Performance-based budgeting in Canada: Assessing the association between past performance and subsequent resource allocation




Whittla, Curtis

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Performance-based budgeting (PBB) is a common performance management practice throughout OECD countries where performance information is directly or indirectly linked to resource allocations in the budgetary process. Canada has had various systems of PBB in place since at least 1969, with the most recent changes being implemented in 2016. Despite these recent changes, few studies have examined the allocative efficiency of Canada’s PBB system, which purports to allocate resources in a way that optimizes performance (TBS, 2016). Using panel data spanning eight fiscal years from 2014-15 to 2021-22, this study aims to measure the correlation between past performance and subsequent resource allocation at the organizational level and provide recommendations to improve PBB processes. The analysis found that for every one percentage point increase in average organizational performance, an additional 0.23 percentage points of spending was allocated in the subsequent budget, demonstrating a modest but statistically significant level of allocative efficiency. This result was not found for staffing allocations. These analyses provide some preliminary findings in the Canadian government context which support theories about the allocative efficiency of PBB. These findings differ from the results of an earlier study of PBB in Canada conducted by the Office of the Parliamentary Budget Officer (PBO) in 2014, which found no statistically significant correlation between performance and resource allocation at the organizational level. This study concludes by providing some recommendations to strengthen Canada’s PBB systems, including recommending Canada’s approach to PBB as an example of creating allocative efficiency, promoting the use of performance information in budgetary decision-making and politics, providing consistent and full public data to scholars and budgetary oversight bodies like the PBO for better analysis, and maintaining more consistent indicators across multiple fiscal years.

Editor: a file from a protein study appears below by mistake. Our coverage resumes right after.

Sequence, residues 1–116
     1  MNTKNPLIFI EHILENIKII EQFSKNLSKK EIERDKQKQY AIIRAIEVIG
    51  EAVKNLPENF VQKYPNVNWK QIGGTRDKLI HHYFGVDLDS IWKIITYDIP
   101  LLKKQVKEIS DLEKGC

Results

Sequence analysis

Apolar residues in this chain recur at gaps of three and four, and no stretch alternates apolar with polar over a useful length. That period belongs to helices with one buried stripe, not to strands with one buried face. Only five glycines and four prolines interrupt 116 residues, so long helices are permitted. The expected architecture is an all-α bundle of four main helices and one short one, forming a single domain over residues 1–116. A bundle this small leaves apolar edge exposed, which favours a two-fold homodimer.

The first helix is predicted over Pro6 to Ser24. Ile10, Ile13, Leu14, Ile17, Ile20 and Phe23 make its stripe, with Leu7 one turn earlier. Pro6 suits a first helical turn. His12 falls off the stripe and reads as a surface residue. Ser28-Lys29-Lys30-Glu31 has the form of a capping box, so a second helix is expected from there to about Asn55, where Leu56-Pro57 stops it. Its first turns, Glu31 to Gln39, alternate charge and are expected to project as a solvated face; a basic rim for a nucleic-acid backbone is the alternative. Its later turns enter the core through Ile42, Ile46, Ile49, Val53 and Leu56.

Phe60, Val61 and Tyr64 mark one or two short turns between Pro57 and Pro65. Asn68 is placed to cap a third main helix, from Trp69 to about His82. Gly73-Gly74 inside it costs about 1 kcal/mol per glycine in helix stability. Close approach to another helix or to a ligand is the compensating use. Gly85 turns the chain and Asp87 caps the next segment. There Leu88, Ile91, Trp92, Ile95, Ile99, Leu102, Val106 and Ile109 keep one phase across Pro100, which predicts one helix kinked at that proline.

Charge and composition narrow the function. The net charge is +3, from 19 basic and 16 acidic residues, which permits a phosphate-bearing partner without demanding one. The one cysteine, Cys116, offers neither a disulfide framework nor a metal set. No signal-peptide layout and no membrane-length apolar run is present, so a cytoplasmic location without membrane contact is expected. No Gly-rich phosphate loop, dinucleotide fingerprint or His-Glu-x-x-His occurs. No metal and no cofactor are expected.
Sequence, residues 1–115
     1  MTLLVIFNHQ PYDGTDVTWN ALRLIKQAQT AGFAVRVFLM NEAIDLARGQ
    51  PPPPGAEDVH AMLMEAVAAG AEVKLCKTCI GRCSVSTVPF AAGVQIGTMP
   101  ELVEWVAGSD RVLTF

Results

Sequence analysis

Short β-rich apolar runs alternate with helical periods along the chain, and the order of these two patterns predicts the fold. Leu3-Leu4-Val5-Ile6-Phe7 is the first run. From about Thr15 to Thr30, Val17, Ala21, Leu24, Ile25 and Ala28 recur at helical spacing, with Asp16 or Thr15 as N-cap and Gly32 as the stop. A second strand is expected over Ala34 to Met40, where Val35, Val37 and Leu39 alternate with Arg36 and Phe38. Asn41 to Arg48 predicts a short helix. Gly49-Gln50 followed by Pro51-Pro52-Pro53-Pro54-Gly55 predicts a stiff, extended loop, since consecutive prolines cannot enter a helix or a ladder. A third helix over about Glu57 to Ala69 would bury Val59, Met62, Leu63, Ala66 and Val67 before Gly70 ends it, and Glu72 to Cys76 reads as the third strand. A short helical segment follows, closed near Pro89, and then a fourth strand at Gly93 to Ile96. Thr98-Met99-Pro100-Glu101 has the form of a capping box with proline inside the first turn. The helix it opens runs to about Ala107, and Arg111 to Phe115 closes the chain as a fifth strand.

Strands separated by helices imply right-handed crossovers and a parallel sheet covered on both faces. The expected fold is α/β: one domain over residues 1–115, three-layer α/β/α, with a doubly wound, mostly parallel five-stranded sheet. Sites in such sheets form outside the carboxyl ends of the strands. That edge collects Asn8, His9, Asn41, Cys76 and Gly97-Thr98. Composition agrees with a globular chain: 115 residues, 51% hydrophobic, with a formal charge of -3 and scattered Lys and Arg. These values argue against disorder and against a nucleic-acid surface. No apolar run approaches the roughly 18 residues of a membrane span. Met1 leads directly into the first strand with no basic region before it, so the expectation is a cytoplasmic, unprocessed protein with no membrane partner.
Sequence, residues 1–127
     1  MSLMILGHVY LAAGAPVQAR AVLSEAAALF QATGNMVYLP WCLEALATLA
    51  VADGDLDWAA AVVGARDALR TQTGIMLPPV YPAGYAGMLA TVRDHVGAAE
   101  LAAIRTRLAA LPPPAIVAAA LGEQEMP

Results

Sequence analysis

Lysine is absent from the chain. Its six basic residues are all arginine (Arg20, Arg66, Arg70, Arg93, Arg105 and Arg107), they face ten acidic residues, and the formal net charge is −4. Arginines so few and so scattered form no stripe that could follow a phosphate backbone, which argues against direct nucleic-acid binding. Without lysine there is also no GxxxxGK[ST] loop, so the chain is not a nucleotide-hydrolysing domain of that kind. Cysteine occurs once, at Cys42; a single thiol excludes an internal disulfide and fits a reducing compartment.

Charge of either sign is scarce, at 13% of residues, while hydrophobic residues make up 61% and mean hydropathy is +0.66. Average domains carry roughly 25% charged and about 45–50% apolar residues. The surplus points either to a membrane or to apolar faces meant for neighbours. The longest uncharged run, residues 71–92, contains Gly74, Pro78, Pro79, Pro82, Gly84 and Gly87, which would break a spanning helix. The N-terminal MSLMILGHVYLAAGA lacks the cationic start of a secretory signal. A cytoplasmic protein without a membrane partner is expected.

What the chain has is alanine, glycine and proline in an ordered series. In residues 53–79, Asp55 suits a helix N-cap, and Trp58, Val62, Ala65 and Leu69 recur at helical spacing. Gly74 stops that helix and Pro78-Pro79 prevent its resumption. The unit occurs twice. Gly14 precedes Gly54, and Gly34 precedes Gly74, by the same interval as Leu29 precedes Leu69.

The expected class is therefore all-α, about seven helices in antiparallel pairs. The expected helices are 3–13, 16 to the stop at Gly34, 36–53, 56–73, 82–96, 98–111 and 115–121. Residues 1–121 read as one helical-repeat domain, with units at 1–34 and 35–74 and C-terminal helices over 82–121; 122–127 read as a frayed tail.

performance-based budgeting, public administration, public budgeting, fiscal policy, public economics, performance budgeting